I think for a while, we were pushing the kids too hard at a young age — not realizing that it could have such a serious negative effect on their careers. The area’s strength training and sports coaches have certainly gotten completely on board with this and are now quite aware of the damaging effects overtraining can have of athletes of all shapes and sizes.
In addition to that, I think parents are more aware with media coverage, etc., of the problems that can be associated with overtraining and over participating.
I love to see kids that do either multiple sports or take some time off to recover after a long season or strenuous workout regimen. We always need to realize that these are just developing athletes, and we cannot hold them to the same standards as one would of a collegiate or professional athlete.
When you are not cheering for the Lancers, how do you spend your free time?
My free time is spent with the family. I enjoy outdoor activities of all sports especially golf, fishing, camping, and cookouts.
What inspired you to become an orthopedic surgeon?
I sort of backed into orthopedic surgery, as I felt destined to become a family practice physician or an emergency room physician.
During medical school, I really focused a lot of my attention on the emergency room and found myself most interested in those injuries that involved orthopedic conditions, fractures, major traumas, etc. Working with some orthopedic surgeons during that time, I gained a keen interest in those sorts of problems and essentially caught the bug to practice.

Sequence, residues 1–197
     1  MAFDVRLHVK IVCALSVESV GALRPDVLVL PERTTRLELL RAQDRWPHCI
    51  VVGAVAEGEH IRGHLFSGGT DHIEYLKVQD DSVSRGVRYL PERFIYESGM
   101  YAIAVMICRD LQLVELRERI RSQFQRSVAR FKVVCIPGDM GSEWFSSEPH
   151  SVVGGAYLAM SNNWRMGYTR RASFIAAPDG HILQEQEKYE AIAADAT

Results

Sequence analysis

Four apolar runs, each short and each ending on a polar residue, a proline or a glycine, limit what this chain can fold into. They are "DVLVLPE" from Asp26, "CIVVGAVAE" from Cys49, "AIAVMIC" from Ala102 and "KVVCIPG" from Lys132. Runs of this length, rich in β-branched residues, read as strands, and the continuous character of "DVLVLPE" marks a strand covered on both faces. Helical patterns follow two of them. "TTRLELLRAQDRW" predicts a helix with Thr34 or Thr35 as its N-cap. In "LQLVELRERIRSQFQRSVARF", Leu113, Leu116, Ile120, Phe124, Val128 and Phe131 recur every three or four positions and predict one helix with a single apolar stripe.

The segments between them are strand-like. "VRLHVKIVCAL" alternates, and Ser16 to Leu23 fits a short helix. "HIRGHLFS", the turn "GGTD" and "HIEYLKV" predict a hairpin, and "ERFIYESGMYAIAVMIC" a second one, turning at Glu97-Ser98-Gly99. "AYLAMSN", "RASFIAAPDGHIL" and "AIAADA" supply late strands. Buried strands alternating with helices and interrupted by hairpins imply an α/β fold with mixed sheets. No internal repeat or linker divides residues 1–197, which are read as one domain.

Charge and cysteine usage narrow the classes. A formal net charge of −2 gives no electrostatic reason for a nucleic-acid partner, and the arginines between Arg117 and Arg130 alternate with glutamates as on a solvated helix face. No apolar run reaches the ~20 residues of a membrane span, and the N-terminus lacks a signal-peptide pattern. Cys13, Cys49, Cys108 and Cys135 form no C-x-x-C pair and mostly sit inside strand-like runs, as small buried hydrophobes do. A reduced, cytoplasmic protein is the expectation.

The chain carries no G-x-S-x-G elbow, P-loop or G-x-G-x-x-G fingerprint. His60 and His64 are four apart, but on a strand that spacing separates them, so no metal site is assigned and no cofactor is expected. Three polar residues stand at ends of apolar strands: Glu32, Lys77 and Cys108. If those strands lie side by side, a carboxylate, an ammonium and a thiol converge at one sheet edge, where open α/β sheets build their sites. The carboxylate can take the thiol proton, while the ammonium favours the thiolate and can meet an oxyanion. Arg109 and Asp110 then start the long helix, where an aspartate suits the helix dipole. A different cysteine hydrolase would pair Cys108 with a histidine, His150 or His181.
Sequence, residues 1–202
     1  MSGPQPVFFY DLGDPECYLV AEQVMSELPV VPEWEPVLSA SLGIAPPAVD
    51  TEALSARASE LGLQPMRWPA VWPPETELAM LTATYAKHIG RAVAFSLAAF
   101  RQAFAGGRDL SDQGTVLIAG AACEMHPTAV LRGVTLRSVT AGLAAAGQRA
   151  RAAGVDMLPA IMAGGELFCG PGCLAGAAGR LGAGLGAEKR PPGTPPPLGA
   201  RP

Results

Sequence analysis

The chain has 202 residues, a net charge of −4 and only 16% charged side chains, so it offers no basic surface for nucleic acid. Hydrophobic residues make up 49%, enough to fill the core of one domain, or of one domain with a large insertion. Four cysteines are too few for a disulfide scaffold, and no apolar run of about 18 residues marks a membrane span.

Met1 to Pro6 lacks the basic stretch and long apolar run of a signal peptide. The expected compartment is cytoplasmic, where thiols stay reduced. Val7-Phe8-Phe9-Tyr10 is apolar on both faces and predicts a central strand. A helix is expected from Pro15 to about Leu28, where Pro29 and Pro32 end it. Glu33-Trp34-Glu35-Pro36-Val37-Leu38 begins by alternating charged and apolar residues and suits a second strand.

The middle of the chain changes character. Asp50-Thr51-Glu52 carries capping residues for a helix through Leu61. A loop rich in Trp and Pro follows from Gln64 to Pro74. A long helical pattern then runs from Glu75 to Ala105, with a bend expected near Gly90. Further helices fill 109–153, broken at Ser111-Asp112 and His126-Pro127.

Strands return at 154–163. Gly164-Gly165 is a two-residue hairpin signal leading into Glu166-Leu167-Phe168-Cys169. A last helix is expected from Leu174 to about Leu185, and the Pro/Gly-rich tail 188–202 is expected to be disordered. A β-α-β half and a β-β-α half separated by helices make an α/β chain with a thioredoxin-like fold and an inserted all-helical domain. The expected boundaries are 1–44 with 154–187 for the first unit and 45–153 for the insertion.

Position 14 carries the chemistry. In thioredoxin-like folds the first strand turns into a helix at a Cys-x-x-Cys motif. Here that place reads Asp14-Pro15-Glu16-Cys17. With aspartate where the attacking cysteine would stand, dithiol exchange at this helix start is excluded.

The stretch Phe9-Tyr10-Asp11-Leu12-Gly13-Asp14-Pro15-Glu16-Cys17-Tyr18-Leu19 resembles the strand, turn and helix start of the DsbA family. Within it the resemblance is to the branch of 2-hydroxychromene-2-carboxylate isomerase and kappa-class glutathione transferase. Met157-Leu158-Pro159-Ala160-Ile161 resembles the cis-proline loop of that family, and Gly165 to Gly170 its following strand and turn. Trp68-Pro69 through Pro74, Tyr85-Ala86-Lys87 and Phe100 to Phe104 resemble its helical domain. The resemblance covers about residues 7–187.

I really love all aspects of orthopedic surgery and cannot imagine at this point doing anything else.
What do you like best about practicing medicine?
What I like best about practicing medicine is helping people with a difficult problem, finding answers, and developing treatment programs that fit the patient. The complicated procedures we perform on a regular basis certainly allow patients to get back to a high level of activity with much lower risk than used to be associated with these things.
Medicine, anesthesia, and surgery have come together to allow for amazing treatments to be performed on a regular basis even here locally. I enjoy the one-on-one nature of my practice where we are dealing with one patient, one problem, and hopefully one solution that gets them back to their ability to enjoy life again.
What inspires you most about your patients?
My patients inspire me on a regular basis with their enthusiasm for recovery and their diligence with the difficulties of recovering from injuries or surgery. I love to hear about their recovery, their return to function, and the improvements in their quality of life that we provide patients on a regular basis.
When I see a patient who has been seriously injured or suffering from a disabling arthritic condition, recover to full activity, it is overwhelming at times the feeling that you can have for how you can help that condition get better. Being a part of that patient’s life, even if it is just for a very short period of time, really makes us proud here at ORA.